Unlike Arab Spring uprisings, pro-democracy protestors in Hong Kong aren't relying on Twitter and Facebook to organize, but social media still plays a role More

Analysis: Occupy Central Not Exactly Hong Kong’s Tiananmen

VOA's former Hong Kong, Beijing correspondent compares and contrasts 1989 Tiananmen Square protest with what is now happening in Hong Kong More

Bambari Hospital a Lone Place of Help in Violence-Plagued CAR

Only establishment still functioning in CAR's second city is main hospital More

Featured Videos

Your JavaScript is turned off or you have an old version of Adobe's Flash Player. Get the latest Flash player.
The Legacy of Jimmy Carter: The Preacher from Plainsi
X
October 01, 2014 10:45 AM
It is common in the United States to see tourists flock to sites associated with America's presidents. Some are privately owned and others are run by the National Park Service or the National Archives -- but most have helped draw business and people into the towns and cities where they are located. As VOA’s Kane Farabaugh reports, there is one particular presidential hometown that is unique in what it has to offer those who make the trip.
Video

Video The Legacy of Jimmy Carter: The Preacher from Plains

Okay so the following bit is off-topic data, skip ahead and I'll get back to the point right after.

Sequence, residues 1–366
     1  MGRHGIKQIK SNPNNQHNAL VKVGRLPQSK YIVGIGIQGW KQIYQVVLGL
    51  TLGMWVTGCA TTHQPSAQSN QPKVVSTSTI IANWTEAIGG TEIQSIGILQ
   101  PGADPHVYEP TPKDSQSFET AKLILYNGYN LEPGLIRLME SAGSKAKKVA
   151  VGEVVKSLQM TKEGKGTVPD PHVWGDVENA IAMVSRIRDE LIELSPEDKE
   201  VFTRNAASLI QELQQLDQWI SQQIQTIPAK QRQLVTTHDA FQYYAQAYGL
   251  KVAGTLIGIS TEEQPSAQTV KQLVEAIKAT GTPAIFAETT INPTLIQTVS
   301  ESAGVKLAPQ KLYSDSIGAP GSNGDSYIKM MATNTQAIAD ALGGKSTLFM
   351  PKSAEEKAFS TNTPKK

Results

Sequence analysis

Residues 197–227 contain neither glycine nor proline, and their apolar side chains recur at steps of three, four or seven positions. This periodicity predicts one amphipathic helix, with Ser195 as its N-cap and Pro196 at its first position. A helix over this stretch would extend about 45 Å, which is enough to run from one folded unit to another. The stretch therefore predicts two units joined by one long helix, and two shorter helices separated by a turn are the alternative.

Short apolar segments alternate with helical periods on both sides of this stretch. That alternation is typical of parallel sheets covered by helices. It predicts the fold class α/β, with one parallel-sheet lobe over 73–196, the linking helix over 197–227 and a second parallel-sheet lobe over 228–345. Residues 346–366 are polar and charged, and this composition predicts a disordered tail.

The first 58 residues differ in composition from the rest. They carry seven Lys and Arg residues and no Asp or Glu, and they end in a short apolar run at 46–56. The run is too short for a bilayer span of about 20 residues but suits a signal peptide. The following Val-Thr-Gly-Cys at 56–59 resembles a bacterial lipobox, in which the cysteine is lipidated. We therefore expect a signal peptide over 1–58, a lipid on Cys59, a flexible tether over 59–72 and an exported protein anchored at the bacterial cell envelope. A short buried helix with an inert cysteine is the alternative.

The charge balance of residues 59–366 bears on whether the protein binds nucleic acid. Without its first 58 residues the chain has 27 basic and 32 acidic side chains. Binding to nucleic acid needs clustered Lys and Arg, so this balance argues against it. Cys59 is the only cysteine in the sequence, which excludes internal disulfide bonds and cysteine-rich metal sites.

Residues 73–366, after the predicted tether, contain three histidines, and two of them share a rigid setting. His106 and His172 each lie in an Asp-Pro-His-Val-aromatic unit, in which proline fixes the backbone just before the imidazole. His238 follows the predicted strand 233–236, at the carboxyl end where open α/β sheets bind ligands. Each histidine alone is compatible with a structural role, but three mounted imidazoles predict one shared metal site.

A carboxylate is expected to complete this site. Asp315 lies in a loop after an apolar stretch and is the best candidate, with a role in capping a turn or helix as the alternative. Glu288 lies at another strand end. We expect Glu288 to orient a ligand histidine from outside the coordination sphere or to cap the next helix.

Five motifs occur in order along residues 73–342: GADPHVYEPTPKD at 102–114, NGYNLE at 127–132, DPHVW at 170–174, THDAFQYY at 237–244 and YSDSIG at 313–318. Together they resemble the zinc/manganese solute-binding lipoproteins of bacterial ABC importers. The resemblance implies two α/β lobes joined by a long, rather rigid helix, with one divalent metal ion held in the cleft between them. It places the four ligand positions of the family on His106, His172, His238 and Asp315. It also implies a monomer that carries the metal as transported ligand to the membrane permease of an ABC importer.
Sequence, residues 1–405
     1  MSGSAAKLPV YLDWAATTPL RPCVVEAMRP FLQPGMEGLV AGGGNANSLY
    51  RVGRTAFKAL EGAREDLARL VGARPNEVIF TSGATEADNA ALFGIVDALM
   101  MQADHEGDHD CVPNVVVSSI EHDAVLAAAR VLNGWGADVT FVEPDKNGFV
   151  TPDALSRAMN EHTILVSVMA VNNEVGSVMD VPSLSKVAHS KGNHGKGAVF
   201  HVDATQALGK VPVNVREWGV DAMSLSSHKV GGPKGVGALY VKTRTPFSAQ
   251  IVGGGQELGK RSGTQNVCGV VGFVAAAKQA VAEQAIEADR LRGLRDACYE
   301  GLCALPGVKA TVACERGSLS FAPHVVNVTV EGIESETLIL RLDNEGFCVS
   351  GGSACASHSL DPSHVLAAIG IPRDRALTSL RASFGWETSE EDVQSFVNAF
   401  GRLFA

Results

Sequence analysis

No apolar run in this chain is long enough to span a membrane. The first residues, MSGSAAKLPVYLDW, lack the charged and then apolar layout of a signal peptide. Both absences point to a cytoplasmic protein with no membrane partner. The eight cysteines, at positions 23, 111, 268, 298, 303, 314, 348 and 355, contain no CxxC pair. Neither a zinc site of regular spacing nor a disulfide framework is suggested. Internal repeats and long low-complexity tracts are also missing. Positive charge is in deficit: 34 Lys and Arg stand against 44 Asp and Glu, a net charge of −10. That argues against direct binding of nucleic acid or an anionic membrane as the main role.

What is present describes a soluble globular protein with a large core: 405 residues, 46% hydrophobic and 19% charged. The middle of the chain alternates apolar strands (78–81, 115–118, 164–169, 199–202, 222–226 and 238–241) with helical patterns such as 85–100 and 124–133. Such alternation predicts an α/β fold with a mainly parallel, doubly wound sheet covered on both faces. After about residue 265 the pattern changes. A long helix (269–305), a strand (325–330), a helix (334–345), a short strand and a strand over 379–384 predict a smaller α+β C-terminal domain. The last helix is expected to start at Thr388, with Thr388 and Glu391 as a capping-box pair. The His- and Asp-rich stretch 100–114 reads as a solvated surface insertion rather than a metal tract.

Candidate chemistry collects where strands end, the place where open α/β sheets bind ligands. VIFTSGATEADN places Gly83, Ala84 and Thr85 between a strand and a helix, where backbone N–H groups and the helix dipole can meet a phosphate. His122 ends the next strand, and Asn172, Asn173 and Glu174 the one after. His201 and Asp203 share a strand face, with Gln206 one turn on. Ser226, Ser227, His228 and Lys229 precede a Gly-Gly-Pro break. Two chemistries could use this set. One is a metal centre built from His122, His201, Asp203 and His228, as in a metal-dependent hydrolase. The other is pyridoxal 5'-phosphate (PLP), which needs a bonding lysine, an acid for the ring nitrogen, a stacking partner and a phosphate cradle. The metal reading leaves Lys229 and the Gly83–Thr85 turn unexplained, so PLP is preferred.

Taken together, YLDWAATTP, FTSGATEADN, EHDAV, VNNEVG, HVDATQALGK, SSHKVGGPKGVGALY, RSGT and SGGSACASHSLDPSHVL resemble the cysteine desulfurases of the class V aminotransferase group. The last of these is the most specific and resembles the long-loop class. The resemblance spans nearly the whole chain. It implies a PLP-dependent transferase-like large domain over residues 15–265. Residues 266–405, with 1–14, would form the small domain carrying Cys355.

It is common in the United States to see tourists flock to sites associated with America's presidents. Some are privately owned and others are run by the National Park Service or the National Archives -- but most have helped draw business and people into the towns and cities where they are located. As VOA’s Kane Farabaugh reports, there is one particular presidential hometown that is unique in what it has to offer those who make the trip.
Video

Video Hong Kong Protests Draw New Supporters on National Holiday

On the 65th anniversary of the founding of Communist China, Hong Kong protesters are hoping to stage the largest pro-democracy demonstration since the 1989 Tiananmen protests. VOA's Brian Padden visited one of the protest sites mid-day, when the atmosphere was calm and where the supporters were enthusiastic about joining what they are calling the umbrella revolution.
Video

Video India's PM Continues First US Visit

India's prime minister is on his first visit to Washington, to strengthen political and economic ties between the world's oldest and the world biggest democracies. He came to the U.S. capital from New York, the first stop on his five-day visit to the country that denied him an entry visa in the past. From Washington, Zlatica Hoke reports Modi seemed most focused on attracting foreign investment and trade to increase job opportunities for his people.